The title of Talya Lavie’s film may be Zero Motivation, but the movie received 12 nominations – the most for any film – when the nominees for the 25th Ophir Awards, the prizes of the Israel Academy for Film, were announced Tuesday in a Tel Aviv press conference.
Zero Motivation, a black comedy about female soldiers which won the Best Narrative Feature Award at the Tribeca Film Festival last spring, received nominations for Best Picture, Best Director, Best Screenplay, Best Actress (Dana Ivgy), two for Best Supporting Actress (Nelly Tagar and Shani Klein), as well as in six other categories.
The winner of the Ophir Award for Best Picture automatically becomes Israel’s choice to be considered for a Best Foreign Language Film Oscar.
The other Best Picture nominees are Ronit and Shlomi Elkabetz’s Gett: The Trial of Viviane Amsalem, the third in their trilogy about a Moroccan woman trying to divorce her husband; Next to Her, Asaf Korman’s debut feature, which premiered at Cannes, about a young woman caring for her mentally retarded sister; Yona, Nir Bergman’s biopic about the legendary poet Yona Wallach; and Tal Granit and Sharon Maymon’s The Farewell Party, about a group of Jerusalem retirees who invent a euthanasia machine to help their terminally ill friend.
Gett and The Farewell Party will compete in the Toronto International Film Festival which runs from September 4-14.
The Best Director nominees matched up with the Best Picture nominees. The Best Screenplay nominations almost matched, except that Nadav Lapid received a nomination for his screenplay for The Kindergarten Teacher, and the screenplay for Yona was not nominated.
In addition to Dana Ivgy for Zero Motivation, the Best Actress nominees are Ronit Elkabetz (who has won two Ophir Awards) for Gett; Shira Haas, who won the Best Actress Award at the Jerusalem Film Festival last month, for Princess; Levana Finkelstein for The Farewell Party; Liron Ben-Shlush for Next to Her (for which she also received a nomination for screenplay); and Naomi Levov for Yona.
The Best Actor nominees are Menashe Noy, who won the Best Actor Prize at the Jerusalem Film Festival, for Gett; Neveh Tzur for Valley; Ze’ev Revach, the veteran actor and comic, for The Farewell Party; Yossi Marshek for Manpower; and Tawfeek Barhom for Dancing Arabs.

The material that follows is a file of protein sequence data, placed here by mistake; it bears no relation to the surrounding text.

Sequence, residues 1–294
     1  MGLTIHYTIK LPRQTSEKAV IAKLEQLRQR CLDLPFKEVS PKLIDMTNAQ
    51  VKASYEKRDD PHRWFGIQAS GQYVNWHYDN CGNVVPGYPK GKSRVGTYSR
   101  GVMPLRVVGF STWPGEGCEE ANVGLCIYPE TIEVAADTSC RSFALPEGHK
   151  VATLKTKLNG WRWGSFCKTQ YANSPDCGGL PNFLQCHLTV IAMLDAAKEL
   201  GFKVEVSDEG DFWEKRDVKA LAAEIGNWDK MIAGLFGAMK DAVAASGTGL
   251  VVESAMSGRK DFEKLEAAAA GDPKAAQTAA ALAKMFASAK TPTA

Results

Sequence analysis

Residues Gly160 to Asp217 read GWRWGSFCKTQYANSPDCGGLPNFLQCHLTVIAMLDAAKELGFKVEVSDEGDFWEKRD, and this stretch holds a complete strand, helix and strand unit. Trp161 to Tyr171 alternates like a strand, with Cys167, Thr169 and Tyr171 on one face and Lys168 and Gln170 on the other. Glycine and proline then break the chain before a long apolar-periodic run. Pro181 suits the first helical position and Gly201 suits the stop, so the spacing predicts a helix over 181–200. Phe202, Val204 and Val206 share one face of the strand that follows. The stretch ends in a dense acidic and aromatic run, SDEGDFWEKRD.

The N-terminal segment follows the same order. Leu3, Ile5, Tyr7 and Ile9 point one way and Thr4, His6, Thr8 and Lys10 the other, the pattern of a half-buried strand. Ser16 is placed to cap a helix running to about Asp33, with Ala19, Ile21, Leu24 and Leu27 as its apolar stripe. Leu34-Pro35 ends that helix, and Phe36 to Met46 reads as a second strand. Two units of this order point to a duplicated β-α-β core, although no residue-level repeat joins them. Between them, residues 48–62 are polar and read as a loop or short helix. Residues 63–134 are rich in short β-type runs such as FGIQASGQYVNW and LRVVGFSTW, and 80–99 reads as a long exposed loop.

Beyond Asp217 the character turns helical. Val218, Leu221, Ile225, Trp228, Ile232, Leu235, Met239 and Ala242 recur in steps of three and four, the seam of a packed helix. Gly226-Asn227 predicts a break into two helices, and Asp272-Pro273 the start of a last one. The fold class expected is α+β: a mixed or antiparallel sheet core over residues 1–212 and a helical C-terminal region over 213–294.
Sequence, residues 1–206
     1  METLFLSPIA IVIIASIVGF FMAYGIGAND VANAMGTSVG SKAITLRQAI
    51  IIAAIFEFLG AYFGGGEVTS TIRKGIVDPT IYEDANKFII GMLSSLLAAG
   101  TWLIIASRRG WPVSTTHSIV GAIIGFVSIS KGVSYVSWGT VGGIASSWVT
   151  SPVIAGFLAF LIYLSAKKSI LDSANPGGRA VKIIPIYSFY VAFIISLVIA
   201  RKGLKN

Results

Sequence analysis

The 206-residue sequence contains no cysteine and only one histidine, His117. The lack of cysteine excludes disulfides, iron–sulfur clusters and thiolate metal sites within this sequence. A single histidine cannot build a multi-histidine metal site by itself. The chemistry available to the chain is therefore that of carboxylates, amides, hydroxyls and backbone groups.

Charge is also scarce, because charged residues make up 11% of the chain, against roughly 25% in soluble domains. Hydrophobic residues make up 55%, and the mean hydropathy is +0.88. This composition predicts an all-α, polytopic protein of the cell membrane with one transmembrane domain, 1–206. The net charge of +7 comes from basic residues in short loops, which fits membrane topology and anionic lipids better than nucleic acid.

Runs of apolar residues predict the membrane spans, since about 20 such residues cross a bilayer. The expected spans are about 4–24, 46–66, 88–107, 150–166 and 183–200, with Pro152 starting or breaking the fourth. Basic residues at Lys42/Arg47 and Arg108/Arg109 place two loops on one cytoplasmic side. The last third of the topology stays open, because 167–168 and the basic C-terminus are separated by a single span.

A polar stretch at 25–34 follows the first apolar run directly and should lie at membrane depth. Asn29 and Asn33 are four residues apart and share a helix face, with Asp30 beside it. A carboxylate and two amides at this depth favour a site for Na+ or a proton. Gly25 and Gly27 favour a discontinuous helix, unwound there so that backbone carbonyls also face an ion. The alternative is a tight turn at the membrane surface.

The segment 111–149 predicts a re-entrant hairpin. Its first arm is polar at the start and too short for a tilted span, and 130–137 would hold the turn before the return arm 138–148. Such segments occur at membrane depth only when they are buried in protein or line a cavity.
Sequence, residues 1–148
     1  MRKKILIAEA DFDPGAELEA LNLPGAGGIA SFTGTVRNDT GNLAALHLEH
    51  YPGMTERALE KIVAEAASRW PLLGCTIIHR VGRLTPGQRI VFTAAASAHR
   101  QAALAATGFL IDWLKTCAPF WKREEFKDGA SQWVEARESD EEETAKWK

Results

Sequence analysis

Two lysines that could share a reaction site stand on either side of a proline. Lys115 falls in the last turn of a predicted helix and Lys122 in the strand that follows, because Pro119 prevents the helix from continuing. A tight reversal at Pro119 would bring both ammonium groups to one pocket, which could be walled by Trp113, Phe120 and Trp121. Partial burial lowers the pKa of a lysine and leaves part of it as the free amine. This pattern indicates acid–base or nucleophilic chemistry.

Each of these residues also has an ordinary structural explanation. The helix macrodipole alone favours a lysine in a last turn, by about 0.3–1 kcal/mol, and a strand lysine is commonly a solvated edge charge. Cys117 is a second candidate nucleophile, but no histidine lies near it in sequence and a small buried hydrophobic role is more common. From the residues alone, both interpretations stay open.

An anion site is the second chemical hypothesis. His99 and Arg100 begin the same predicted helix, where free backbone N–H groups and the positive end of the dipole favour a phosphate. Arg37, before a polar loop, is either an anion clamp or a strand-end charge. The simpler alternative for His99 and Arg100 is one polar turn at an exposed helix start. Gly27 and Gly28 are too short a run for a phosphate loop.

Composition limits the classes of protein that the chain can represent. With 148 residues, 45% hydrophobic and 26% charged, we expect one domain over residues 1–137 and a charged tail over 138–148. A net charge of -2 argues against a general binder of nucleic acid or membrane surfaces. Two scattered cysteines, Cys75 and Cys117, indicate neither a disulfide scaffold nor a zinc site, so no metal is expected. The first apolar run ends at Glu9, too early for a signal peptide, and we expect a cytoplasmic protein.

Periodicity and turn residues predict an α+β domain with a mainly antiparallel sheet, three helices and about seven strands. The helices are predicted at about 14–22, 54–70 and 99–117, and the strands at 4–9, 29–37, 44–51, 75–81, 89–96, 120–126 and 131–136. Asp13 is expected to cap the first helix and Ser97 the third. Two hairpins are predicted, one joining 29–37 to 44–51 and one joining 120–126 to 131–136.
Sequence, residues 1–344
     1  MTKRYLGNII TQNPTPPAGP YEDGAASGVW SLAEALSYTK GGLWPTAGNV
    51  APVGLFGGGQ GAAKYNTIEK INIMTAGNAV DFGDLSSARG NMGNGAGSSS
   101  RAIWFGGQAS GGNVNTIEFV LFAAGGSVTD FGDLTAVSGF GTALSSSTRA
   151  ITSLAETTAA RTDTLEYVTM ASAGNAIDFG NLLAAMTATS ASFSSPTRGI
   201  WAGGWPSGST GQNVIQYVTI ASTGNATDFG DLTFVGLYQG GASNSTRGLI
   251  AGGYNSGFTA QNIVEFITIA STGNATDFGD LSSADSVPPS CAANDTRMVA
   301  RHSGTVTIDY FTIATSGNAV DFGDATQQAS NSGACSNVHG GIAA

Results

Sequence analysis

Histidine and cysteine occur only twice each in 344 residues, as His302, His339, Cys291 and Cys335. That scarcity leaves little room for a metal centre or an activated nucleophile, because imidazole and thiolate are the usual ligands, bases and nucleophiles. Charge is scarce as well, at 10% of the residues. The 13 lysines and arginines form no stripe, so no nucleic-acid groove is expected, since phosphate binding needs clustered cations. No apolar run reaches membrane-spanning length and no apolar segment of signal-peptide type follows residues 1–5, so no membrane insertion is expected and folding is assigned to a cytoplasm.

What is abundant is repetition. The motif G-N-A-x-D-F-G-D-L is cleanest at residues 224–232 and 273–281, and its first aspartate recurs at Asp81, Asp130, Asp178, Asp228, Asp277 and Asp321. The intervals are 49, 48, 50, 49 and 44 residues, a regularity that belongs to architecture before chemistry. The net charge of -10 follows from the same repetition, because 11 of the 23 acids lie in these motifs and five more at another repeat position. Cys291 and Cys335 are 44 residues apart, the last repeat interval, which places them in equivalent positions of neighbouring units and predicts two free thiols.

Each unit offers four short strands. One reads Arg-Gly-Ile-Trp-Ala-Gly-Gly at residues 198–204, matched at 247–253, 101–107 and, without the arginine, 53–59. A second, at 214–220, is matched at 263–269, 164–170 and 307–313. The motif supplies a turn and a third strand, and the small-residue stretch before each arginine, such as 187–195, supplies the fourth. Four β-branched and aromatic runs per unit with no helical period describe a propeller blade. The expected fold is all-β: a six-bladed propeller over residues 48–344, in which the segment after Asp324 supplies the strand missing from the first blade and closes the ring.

In addition to Nelly Tagar for Zero Motivation, Shani Klein, who plays her commander in the film, received a Best Supporting Actress nomination.
The other nominees in this category are Dana Ivgy, who in addition to her Best Actress nod for Zero Motivation is nominated in the supporting category for Next to Her; Aliza Rosen for The Farewell Party; and Reymond Amsellem, for Apples from the Desert.
It’s puzzling that Nelly Tagar, who had a leading role in Zero Motivation, did not receive a Best Actress nod for her performance alongside Dana Ivgy, but the Academy is often loathe to nominate two actors from one movie in the same category. Last year, in a similar move, Bethlehem’s Tsahi Halevy, who was a lead in the film, was nominated in the supporting category (and won) and not against his co-star, Shadi Mar’i, for Best Actor.
The Best Supporting Actor nominees feature some familiar faces: Michael Moshonov, who has won two Ophir Awards (one for Best Actor and one for Supporting Actor), for Dancing Arabs; Sasson Gabai, who has also won two previous Ophirs, for Gett; Ilan Dar, for The Farewell Party; Elisheva Banai, for Apples from the Desert; and Yaakov Zada Daniel from Next to Her.
In the feature-length documentary category, the nominees are Nadav Schirman’s The Green Prince, about the son of a Hamas leader who spied for the Shin Bet, which won the Audience Award at the Sundance Film Festival; Vanessa Lapa’s The Decent One, about Heinrich Himmler, which won the award for the Best Israeli Documentary at the Jerusalem Film Festival; Yael Reuveny’s Farewell, Herr Schwarz, about a fateful decision a family made at the end of World War II; Nurit Kedar and Yaron Shani’s Life Sentences, about the incredible true story of a Jewish woman and an Arab terrorist who marry, and the fate of their children; and Avigail Sperber’s Probation Time, about ultra-Orthodox parents and how they accept their daughters’ choices.
The Ophir Awards will be presented on September 21 at a ceremony to be held in Ashdod, to salute the south, and will be broadcast on Channel 10.